The teachers, represented by the American Federation of Teachers, the West Virginia Education Association and the West Virginia School Service Personnel Association, want Gov. Jim Justice and leaders from the state Senate and House to meet with them on their complaints.

Until that happens, the strike by teachers in all 55 counties will continue Tuesday, said Christine Campbell, president of the AFT's West Virginia chapter.

Read more here: http://www.kansas.com/news/business/article202080964.html

Illinois lawmakers to finalize hospital assessment program

SPRINGFIELD, Ill. -- Illinois lawmakers made the final tweaks to a health care program responsible for bringing in billions of federal dollars to the state's hospitals.

The House Appropriations-Human Services Committee is expected to vote Tuesday on a finalized hospital assessment program. The state is updating how it allocates Medicaid funding to hospitals in response to federal pressures.

Democratic Rep. Greg Harris of Chicago is the chairman of the committee. He says the program will bring $3.5 billion in federal funds into Illinois' health care system. The proposal updates patient data and rolls some payments into the managed care system.

Two Chicago-based hospitals in impoverished neighborhoods say they will be forced to close under the new program. Harris says he will continue to work with the facilities to address their concerns.

Read more here: http://www.kansas.com/news/business/article202313059.html

Naked man on ATV leads police on wrong-way, highway chase in Kansas City

A naked man on a yellow ATV led police on a wild chase through the Northland for more than an hour Sunday afternoon.

The chase began at 2:20 p.m. when police investigated a report of a “suspicious party…a naked male” on an all-terrain vehicle near 8400 Northeast Sam Ray Road in Kansas City, North. The man was suspected of being under the influence of drugs, police said.

The man eluded officers for a while in a field by Northeast Shoal Creek Parkway and Missouri 152.

He eventually found a break in a fence and led police south on Northeast Shoal Creek toward the Kansas City Regional Police Academy. The man then circled back and got onto Interstate 435, where he led police south, heading the wrong way in the northbound lanes.

Much, much more including video: http://www.kansascity.com/news/local/crime/article202093489.html

Bill to regulate medical marijuana narrowly advances from Senate committee

OKLAHOMA CITY — A Senate panel on Monday passed a bill that aims to regulate medical marijuana, if voters approve a state question on June 26.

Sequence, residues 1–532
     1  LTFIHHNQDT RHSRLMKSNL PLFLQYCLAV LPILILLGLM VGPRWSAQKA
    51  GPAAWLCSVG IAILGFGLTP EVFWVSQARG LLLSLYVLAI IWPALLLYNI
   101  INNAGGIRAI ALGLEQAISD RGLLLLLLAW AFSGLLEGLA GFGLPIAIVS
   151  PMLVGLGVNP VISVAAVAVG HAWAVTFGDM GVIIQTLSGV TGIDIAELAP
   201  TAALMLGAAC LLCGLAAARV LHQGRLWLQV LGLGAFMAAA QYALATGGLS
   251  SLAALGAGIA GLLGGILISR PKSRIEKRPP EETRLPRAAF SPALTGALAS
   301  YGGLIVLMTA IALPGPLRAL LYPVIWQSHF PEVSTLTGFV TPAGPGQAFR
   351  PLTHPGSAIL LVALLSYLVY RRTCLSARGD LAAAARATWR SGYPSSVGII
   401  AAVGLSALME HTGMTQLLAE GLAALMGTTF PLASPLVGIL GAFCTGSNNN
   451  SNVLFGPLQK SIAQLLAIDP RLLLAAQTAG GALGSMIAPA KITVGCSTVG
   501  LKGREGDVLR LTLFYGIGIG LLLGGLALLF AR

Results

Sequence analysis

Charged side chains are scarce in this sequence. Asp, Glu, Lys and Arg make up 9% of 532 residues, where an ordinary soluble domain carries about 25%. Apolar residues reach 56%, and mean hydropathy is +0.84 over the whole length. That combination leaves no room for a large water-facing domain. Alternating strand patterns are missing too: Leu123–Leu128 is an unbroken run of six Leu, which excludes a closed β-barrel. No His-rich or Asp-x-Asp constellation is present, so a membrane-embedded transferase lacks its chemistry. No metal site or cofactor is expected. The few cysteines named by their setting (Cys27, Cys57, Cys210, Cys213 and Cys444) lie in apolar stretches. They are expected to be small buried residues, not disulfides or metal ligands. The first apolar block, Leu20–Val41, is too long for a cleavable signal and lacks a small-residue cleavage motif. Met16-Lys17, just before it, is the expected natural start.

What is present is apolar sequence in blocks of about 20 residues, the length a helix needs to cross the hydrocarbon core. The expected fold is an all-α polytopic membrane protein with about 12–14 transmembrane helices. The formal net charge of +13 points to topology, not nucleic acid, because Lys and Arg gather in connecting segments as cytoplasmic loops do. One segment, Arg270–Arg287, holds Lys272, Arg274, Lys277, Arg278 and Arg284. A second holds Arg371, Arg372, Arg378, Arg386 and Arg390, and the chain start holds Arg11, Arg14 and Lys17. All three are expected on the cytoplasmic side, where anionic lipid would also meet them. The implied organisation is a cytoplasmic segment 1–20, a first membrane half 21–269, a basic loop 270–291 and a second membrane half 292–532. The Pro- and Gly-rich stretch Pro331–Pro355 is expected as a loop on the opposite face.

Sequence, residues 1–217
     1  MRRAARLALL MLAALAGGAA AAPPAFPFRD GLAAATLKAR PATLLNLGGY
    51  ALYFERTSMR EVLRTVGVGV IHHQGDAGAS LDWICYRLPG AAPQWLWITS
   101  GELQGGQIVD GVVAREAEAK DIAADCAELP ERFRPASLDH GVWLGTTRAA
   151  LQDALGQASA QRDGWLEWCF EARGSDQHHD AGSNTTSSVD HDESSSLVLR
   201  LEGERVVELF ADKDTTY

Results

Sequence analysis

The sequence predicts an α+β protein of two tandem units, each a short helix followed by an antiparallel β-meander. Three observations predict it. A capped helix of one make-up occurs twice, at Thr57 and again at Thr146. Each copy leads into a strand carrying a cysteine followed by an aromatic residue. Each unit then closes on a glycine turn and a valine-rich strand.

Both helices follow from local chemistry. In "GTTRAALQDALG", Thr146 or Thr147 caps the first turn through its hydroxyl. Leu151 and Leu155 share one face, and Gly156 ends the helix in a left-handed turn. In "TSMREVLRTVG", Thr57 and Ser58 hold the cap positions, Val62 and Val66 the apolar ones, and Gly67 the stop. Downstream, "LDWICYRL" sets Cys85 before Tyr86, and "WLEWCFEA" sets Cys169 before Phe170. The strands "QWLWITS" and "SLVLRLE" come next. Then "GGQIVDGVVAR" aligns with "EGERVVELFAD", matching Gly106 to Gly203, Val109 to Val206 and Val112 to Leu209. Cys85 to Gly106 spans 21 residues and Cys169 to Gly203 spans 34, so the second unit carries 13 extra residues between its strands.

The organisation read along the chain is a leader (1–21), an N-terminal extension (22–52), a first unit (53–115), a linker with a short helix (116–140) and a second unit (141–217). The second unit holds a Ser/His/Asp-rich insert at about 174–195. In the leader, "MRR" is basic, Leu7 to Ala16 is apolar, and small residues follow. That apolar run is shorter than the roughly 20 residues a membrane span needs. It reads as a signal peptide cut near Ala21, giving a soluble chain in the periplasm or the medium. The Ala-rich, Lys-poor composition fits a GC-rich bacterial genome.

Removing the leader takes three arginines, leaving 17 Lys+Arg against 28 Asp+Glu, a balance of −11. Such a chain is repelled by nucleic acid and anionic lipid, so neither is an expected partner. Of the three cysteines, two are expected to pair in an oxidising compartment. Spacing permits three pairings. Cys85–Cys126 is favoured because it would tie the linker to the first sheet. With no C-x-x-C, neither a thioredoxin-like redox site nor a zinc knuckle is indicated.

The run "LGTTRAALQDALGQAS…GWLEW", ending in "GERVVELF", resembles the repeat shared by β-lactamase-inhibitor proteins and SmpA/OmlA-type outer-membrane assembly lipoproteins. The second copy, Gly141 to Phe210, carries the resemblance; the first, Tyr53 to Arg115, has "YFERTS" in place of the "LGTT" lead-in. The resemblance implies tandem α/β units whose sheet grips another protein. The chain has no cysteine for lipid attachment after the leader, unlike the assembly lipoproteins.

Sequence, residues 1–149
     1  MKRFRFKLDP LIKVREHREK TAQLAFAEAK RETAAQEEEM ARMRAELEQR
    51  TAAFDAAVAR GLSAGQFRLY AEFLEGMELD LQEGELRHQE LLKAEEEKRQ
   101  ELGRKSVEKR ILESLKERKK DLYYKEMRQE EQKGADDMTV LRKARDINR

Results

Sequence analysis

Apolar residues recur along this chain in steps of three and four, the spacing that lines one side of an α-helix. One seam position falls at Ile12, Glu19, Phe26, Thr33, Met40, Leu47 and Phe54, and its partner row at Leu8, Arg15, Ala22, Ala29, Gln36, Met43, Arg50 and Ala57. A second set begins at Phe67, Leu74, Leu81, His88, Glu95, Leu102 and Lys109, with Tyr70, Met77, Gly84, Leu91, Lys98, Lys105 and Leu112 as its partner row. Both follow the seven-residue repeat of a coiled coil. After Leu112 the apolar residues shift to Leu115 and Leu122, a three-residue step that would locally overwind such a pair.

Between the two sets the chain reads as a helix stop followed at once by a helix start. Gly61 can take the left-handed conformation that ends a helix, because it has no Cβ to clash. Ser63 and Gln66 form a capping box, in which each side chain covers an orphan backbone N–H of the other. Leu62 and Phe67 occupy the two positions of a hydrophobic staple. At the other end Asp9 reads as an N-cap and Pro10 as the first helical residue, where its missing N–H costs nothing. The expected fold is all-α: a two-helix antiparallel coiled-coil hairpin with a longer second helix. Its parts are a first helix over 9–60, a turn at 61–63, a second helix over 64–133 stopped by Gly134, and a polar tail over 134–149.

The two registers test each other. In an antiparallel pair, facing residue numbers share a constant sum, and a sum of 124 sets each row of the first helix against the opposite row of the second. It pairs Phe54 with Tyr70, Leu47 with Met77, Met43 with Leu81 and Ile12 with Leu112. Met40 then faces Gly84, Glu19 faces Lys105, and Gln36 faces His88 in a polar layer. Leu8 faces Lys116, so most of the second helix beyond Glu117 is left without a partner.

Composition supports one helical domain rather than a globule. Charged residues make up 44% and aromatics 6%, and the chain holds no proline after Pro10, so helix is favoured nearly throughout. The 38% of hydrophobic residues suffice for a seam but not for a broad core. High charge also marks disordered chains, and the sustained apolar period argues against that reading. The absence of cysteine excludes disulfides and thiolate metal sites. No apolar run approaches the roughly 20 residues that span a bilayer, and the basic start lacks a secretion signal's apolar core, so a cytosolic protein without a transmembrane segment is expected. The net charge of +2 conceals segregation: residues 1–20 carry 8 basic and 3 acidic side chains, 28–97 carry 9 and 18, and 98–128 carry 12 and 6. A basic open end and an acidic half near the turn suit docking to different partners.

The Senate Health and Human Services Committee by a vote of 6-5 advanced Senate Bill 1120 by Sen. Ervin Yen, R-Oklahoma City.

Supporters of medical marijuana successfully obtained the necessary signatures to put a statutory change before voters to legalize medical marijuana. Gov. Mary Fallin put State Question 788 on the ballot.

Some, including Yen, have said that the wording of SQ 788 is too broad and essentially legalizes the recreational use of marijuana.

Read more: http://www.tulsaworld.com/homepagelatest/bill-to-regulate-medical-marijuana-narrowly-advances-from-senate-committee/article_0124e5f3-dcdd-55d0-90f4-4ee370874c4d.html

Predicted $167 million shortfall, smallest in years

Oklahoma's next budget shortfall will be the smallest in years, according to an estimate released Tuesday.

Lawmakers writing the fiscal year 2019 budget will only have to account for $167.8 million in spending cuts, one-time funding or new revenue, according to the Office of Management and Enterprise Services. That amount is considerably less than recent years when shortfall estimates ticked toward, and eventually past, $1 billion.

The amount of revenue available to lawmakers actually rose, enough that the budget year will start with $104 million more than the current year. However, there are new obligations that push things into the familiar realm of another shortfall. Most of those are things the Legislature decided to put on hold during the special session, including payments to cover hospital residency programs affected by a federal policy change and more than $92 million to repay local school districts when property owners in the districts claim a tax exemption.

In all, lawmakers will have $5.88 billion to spend for the budget year starting July 1.

Gov. Mary Fallin said Tuesday that without legislative agreement to secure new revenue, state agencies could endure a 2.5 percent budget cut to accommodate the shortfall.

Read more: http://newsok.com/estimate-predicted-167-million-shortfall-smallest-in-years/article/5584079

Proposal would end 'spring forward, fall back' in Oklahoma

Rest easy, timepieces. A bill making its way through the state Senate would end for Oklahomans the twice-a-year time change caused by daylight saving time.

Senate Bill 1309 proposes having Oklahoma permanently adopt daylight saving time and avoid the clock-switching more commonly known as "spring forward" and "fall back."

The author, State Sen. Joseph Silk, said it's an archaic method of regulating time.

"It was initially designed to save energy, but it doesn't save energy at all anymore just because everyone's got air conditioners and the whole economy has changed," said Silk, R-Broken Bow. "When you look at it, it's not good for your health because your body gets into a sleeping rhythm and you disrupt it twice a year."

He cited health risks, like a higher incidence of heart attacks and stroke, along with more traffic accidents occurring around the time shifts.

Read more: http://newsok.com/proposal-would-end-spring-forward-fall-back-in-oklahoma/article/5584285